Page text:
Bonnie the Assistance Dog




3 weeks ago we welcomed a new arrival to our family. She’s very quiet, only eats twice a day and poops when I tell her to. She’s fitted into our family like she’s always been here and, despite the copious amounts of hair she leaves behind her, I wouldn’t swap her for the world. Button’s Assistance Dog, Bonnie, has arrived!

We got the call on 3rd August (just as I was heading out to Tesco – one shoe on and one shoe off!) that Irish Guide Dogs for the Blind had a possible match for us, and I went to Cork for my week of training on 22nd August. In between those two dates, we made a quick trip to Cork to meet Bonnie for the first time. Button’s attachment (where we use a belt around his waist and clip it on to a lead attached to the dog) went very well, so it was all systems go! 

We (there were three other parents with me on the course) got our dogs on the Monday morning and from that moment on they were with us 24 /7. Whether we were going to the loo, getting a cup of coffee or running back to our room for something we’d forgotten, our four-legged pals were never anywhere but at our side.

I have a confession to make. Until that day in August, I had never even walked a dog, let alone got on a bus with one! But our fabulous trainer made everything so simple and straightforward, there was never one moment that i felt like I couldn’t do this or that I was doing things wrong. We did walks around housing estates, in parks, in shopping centres and in the country. We took a bus and ate in a restaurant. We encountered traffic, other dogs, swans, bikes and lots of people. We took lifts and stairs. And we walked our little legs off.

I have to take a moment to mention how wonderfully kind everyone in IGDB is. The trainers, the kennel staff, the housekeeping team and the administration team all went out of their way to make us feel welcome. I have never encountered such a lot of hard-working, dedicated people. There really are no words to describe them. They are fab!

Even before we arrived home, Bonnie was making a difference to Button. He was really excited about her coming, and Button very rarely gets excited about anything. He also started to pretend he was a dog – a huge step for our little man! But since we got back, things are getting better and better! Button has asked to bring Bonnie to the shop (usually a trip to the local shop involves a lot of persuasion and the promise of a packet of crisps), his anxiety levels have reduced and we’ve already managed 2 or 3 outings that would have been difficult, if not impossible BB (Before Bonnie).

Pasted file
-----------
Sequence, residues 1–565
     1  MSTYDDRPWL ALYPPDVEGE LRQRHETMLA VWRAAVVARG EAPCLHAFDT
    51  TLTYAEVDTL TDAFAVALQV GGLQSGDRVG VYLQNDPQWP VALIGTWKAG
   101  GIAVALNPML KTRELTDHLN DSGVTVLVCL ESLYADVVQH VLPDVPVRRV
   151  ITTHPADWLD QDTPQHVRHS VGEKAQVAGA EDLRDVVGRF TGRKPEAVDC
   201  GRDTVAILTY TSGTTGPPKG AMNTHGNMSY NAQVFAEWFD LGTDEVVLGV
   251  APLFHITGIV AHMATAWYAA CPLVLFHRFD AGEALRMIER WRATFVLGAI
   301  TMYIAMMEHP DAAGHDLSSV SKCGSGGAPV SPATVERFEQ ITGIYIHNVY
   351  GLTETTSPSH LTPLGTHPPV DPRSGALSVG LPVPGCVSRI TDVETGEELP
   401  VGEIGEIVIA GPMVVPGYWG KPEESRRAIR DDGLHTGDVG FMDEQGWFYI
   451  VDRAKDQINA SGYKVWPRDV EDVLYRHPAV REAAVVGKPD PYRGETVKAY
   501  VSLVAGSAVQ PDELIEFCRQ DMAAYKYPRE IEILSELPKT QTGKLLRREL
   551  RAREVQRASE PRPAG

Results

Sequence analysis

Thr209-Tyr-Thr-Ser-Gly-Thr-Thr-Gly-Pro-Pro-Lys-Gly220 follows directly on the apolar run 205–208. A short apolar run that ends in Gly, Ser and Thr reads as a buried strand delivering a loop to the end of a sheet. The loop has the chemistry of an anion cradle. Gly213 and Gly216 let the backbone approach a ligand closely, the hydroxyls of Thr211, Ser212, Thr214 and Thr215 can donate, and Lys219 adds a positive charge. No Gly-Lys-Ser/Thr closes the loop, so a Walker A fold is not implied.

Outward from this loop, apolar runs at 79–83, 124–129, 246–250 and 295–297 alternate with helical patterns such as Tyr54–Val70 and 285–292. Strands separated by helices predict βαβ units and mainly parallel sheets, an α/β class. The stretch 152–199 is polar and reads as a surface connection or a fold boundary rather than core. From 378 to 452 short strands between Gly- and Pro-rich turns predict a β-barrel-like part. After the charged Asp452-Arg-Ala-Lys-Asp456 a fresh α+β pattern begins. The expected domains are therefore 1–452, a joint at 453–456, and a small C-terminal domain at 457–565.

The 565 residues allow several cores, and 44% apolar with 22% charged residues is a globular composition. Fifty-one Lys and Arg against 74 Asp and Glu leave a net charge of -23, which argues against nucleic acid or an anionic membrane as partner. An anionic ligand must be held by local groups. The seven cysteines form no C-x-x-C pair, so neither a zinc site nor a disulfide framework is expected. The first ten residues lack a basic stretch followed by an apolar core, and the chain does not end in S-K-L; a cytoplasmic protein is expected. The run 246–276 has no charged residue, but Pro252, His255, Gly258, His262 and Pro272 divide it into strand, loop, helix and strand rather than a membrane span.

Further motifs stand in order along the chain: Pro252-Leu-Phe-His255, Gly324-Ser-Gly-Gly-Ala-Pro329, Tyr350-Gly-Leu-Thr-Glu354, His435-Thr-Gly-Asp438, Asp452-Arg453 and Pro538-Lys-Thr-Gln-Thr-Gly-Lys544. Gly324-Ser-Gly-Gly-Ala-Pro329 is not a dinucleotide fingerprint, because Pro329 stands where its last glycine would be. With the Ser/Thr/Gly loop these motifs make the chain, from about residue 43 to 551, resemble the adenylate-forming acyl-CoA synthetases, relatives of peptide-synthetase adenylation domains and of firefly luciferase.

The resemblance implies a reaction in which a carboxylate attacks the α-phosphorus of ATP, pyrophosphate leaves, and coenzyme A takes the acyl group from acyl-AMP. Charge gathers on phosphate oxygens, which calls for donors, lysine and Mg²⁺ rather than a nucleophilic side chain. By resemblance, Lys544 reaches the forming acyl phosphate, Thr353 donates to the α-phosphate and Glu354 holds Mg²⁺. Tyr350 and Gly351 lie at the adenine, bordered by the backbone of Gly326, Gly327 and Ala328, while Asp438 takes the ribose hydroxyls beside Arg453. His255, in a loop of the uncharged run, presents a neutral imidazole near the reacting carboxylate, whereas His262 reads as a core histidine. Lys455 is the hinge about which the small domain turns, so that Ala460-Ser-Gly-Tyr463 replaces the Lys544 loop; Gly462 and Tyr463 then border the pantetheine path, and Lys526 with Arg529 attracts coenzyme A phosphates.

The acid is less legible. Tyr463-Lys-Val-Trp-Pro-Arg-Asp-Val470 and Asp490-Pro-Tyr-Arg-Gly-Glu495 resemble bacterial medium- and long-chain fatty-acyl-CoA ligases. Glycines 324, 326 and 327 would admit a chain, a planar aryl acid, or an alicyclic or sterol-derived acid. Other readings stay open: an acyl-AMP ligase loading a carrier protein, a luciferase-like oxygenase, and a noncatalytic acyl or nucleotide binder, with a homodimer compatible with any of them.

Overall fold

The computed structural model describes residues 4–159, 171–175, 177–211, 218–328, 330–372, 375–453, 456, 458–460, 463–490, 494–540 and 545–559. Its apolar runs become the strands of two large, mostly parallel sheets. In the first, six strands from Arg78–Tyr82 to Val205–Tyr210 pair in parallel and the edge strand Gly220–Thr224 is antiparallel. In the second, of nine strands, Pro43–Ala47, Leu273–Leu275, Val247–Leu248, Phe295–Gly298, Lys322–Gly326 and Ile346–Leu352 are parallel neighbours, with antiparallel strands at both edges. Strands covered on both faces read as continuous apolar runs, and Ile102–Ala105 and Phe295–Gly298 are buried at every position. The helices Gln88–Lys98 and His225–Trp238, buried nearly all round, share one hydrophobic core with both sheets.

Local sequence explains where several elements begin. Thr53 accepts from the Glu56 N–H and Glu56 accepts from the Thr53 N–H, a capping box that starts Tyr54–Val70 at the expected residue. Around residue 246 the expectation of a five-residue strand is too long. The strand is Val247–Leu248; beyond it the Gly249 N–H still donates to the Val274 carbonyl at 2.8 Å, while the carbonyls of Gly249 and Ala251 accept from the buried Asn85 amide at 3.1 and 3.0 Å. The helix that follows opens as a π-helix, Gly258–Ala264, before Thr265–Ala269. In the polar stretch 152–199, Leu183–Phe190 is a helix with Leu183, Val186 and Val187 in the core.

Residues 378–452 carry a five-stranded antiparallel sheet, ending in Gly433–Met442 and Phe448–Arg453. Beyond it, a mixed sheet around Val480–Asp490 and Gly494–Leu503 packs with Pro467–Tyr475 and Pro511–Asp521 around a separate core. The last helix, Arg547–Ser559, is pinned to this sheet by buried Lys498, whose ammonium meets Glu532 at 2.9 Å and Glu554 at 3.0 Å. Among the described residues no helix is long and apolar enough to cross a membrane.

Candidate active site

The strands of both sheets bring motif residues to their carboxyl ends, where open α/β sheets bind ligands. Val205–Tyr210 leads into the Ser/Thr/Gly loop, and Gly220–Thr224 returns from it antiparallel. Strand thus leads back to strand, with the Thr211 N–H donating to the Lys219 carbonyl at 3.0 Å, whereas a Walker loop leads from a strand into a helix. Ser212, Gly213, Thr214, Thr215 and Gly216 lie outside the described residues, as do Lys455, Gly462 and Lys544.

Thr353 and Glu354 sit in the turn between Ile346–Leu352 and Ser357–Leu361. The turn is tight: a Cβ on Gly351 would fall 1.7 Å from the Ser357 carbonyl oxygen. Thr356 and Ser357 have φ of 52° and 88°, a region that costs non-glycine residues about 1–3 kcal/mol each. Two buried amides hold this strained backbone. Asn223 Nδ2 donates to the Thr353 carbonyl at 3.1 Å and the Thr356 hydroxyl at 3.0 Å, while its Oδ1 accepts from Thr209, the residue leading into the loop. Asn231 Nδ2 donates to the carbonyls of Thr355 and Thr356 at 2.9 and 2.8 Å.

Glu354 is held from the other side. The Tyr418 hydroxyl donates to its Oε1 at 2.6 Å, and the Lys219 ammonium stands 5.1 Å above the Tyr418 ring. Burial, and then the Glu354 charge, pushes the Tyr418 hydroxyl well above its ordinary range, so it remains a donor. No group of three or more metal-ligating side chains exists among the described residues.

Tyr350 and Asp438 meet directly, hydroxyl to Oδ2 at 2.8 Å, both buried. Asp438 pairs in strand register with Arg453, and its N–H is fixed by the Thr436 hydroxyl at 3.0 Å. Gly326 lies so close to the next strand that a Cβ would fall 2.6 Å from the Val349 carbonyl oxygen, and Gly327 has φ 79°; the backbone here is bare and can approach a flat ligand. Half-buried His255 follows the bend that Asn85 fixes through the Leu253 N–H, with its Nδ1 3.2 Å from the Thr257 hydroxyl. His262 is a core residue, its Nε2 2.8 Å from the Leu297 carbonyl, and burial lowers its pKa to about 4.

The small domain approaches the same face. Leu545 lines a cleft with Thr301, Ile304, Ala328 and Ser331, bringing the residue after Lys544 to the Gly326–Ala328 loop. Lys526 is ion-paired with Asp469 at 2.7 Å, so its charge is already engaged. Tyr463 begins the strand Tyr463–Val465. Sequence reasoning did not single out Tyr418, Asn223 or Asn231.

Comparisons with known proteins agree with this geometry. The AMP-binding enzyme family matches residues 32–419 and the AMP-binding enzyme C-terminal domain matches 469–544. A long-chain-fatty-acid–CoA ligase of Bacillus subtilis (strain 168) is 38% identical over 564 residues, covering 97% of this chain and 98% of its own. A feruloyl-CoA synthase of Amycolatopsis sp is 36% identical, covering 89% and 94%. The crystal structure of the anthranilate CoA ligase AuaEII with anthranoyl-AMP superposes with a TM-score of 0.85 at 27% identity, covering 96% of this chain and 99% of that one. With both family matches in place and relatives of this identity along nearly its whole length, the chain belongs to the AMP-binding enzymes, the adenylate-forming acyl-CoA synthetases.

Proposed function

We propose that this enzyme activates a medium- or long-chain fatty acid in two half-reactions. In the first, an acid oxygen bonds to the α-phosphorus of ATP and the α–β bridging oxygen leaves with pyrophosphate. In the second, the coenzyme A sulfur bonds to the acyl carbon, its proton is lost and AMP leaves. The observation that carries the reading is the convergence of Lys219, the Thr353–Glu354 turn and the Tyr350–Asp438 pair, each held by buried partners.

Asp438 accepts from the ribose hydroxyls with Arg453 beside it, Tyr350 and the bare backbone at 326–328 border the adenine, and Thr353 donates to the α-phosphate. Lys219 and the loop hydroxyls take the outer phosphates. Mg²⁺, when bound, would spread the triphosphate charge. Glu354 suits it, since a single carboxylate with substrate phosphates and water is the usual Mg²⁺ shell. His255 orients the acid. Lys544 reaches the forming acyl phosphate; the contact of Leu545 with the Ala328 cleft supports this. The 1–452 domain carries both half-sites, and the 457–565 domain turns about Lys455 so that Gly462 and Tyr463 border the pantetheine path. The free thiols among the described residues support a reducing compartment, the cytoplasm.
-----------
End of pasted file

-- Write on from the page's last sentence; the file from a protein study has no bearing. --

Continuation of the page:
But forget for a moment that Button is now safe when we go out and that he is becoming less anxious. Forget the blue jacket and all the attachment paraphernalia. A much more important event has happened in our lives since the arrival of this wonderful animal.

Button has a friend.


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Irish Autism Action
Irish Autism Action is an umbrella organisation with 33 member groups and 3,500 individual members. Our members range from the 13 Special Schools for Children with Autism to local support groups and are located in practically every county in Ireland.
Irish Autism Action

Irish Autism Action

Irish Autism Action is an umbrella organisation with 33 member groups and 3,500 individual members. Our members range from the 13 Special Schools for Children with Autism to local support groups and are located in practically every county in Ireland.

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